Dear America: Survival in the Storm Booktalk
When dust is everywhere and rain refuses to fall, will the Edwards family stay on their farm no matter what, or will they decide to start over somewhere else?
Grace and her family live on a small farm just outside Dalhart, in the Texas panhandle. The dust and the wind control their lives in every way. Grace hates the endless cleaning and dishwashing. No matter how many times a day they sweep out the dust, the next day there’s more of it to get rid of. Dishes have to be washed after meals, but then they have to be rinsed again before the next meal to make sure they’re clean. When she and her mother make bread, they knead it inside a dresser drawer to keep most of the dust out of the dough. It’s impossible to keep it all out, and they’ve gotten used to gritty bread and sandy cornbread. Water has to be strained over and over before it’s clear enough to drink, and tastes more like dust than water. There have been too many poor harvests, and neither Grace nor her bratty little sister Ruth have had a new dress in two years.
When the huge duststorms blow through, everyone rushes to get the animals into the barn, cover up the tractor and the car, and cover the windows with damp cloths and sheets to keep as much of the dust as possible outside, and go down into the cellar so they can breathe easier, hoping they won’t find too much damage when they come back up. They have to sleep with damp washcloths over their faces to keep from choking to death on the dust that comes in through every crack and crevice. And people aren’t the only ones affected by the drought and the dust. There are so few twigs and grass, that when crows build a nest in the Edwards’ windmill, they have to make it out of bits of baling wire, barbed wire, and twigs from tumbleweeds! Lots of farmers give up and move to California, where there are supposed to be lots of jobs, no drought and no dust.
All that changes on April 13th. Grace walks over to Helen’s house, worried because she’s seemed so unhappy lately, only to find the house empty, and the whole family packed into their car, ready to head for California. The girls have only minutes to say goodbye, and suddenly Grace’s best friend whom she’s known for almost her whole life, is gone. And while she is still reeling from that shock, Grace and Ruth are nearly killed the next day, on Black Sunday, when the worst duster ever sweeps across the panhandle. It had been a beautiful day, clear and still, and Grace had reveled in the clean air and stillness. But after supper, a long line of black clouds filled the northern horizon, moving south at frightening speed. Ruth went out to get the dish towels off the clothesline, and when she didn’t come back in, Grace went to find her. Ruth was chasing a dish towel and before either of them realized it, they were far from the house, and the black boiling clouds were getting closer and closer, filling the sky and turning day to darkest night. Clouds of birds shrieked overhead, trying to outrun the storm, and Grace suddenly knew that she and her sister would never make it back home before they were caught up in the storm.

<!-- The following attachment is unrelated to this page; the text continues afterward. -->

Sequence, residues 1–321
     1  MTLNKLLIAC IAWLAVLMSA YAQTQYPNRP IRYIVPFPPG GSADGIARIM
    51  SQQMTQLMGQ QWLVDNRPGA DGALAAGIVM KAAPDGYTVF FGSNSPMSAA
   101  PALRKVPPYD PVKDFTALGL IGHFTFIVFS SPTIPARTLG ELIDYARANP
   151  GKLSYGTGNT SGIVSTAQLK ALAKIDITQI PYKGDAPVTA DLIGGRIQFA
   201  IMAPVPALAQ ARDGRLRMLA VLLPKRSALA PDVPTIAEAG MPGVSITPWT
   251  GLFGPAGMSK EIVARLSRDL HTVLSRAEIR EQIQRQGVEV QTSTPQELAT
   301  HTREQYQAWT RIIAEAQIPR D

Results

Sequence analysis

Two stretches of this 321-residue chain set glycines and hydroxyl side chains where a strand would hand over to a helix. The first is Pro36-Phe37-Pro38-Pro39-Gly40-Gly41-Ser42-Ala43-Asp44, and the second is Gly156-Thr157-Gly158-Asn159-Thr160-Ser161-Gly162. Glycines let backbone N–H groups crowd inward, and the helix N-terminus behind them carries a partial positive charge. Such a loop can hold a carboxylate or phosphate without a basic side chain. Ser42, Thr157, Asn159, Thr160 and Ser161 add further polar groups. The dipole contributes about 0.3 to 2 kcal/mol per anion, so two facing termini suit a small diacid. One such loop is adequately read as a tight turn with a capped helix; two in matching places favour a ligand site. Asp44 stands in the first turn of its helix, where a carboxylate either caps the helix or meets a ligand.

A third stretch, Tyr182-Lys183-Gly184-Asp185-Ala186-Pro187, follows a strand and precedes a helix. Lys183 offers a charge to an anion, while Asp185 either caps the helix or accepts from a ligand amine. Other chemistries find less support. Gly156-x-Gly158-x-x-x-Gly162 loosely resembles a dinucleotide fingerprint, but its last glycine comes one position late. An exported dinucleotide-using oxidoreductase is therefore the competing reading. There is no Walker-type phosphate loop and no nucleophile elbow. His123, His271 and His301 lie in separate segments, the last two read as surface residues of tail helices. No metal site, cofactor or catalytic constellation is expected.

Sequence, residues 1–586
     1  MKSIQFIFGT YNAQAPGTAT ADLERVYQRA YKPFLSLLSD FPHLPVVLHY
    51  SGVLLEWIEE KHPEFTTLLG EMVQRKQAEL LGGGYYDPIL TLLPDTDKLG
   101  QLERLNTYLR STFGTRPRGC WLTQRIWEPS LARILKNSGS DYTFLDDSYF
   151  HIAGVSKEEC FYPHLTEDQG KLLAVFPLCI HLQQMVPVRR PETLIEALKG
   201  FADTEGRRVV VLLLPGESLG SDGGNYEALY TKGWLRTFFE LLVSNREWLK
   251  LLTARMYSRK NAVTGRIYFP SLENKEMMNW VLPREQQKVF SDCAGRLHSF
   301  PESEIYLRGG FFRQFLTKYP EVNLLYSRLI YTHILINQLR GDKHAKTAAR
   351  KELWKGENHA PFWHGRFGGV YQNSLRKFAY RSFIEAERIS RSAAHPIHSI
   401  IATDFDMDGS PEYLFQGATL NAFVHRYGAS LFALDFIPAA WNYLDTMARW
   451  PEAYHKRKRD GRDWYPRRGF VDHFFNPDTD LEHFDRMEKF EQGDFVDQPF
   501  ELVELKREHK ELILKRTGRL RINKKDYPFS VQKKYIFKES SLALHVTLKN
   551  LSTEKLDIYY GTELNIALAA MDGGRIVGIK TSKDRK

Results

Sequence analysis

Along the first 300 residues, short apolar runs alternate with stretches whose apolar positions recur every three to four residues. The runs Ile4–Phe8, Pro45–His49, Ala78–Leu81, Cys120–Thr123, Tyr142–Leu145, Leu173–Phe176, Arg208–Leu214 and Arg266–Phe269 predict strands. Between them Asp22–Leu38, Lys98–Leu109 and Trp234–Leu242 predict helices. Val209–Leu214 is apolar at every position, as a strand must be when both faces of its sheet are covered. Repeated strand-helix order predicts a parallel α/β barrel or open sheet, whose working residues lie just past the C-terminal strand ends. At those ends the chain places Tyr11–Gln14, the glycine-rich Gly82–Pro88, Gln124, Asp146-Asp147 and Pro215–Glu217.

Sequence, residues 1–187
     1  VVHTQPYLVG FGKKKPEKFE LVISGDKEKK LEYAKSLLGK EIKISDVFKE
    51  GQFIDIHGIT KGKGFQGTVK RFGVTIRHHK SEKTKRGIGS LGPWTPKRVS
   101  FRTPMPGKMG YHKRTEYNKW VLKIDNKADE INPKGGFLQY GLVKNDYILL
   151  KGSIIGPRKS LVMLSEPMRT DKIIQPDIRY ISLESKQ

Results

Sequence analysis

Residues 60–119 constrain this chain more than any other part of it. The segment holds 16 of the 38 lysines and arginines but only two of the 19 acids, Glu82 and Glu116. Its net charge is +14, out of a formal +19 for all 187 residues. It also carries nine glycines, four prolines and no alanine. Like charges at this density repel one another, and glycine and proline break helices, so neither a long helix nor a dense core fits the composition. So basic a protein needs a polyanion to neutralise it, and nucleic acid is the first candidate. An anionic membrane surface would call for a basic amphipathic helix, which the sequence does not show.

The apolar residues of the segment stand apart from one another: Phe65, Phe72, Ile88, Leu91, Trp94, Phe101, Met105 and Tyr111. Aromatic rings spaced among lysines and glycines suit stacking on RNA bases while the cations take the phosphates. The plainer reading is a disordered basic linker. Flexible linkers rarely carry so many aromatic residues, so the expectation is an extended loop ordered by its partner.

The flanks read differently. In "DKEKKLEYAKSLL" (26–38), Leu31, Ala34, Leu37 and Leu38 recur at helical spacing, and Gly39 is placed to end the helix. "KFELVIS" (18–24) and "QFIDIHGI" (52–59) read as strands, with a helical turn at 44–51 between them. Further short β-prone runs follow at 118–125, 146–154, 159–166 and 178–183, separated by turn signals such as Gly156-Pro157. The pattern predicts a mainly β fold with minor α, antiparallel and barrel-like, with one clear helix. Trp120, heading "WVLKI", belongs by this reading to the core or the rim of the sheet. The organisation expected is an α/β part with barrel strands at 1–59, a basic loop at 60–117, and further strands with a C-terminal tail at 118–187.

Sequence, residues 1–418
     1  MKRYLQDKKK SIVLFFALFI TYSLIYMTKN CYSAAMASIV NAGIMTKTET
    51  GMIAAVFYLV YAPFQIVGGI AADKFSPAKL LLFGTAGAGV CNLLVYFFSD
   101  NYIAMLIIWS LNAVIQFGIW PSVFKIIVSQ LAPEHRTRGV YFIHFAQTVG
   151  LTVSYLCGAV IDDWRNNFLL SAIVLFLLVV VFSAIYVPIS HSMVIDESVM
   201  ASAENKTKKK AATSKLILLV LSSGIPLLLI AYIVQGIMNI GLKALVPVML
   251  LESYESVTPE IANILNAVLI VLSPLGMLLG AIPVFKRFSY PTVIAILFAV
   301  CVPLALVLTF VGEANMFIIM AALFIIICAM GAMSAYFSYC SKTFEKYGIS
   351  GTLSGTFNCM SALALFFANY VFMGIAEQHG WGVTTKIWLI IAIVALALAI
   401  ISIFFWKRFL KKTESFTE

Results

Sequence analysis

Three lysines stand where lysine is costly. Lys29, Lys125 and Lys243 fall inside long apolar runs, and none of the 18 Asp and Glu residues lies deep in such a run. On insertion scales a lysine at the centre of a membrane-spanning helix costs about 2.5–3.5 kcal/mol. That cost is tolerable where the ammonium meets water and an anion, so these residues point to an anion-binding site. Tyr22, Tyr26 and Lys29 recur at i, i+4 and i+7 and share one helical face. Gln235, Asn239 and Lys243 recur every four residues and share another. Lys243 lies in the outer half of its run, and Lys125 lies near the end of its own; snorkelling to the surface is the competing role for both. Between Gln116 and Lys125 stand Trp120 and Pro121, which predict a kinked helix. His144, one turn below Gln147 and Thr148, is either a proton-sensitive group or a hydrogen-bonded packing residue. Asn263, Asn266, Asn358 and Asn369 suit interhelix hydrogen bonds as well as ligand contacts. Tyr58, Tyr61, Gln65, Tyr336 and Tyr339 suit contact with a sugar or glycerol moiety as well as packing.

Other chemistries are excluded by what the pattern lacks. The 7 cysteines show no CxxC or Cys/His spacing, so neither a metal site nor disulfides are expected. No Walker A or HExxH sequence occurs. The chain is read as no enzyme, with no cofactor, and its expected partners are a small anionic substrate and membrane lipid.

Just then, Grace saw Helen’s abandoned house, and they ran to it, slamming the door behind them. It was completely empty, nothing they could hide in or under to protect themselves from the storm. The two girls huddled in a corner, the towel Ruth had been chasing over their faces, listening to the wind howl and the house rattle and shake, praying for survival. When the storm was over, the search party found them covered in inches of thick heavy black dust. They had breathed so much of it into their lungs that they coughed up lumps of dirt, their chests hurting from coughing and trying to get air into their dust-coated lungs.
This booktalk was written by librarian and booktalking expert Joni R. Bodart.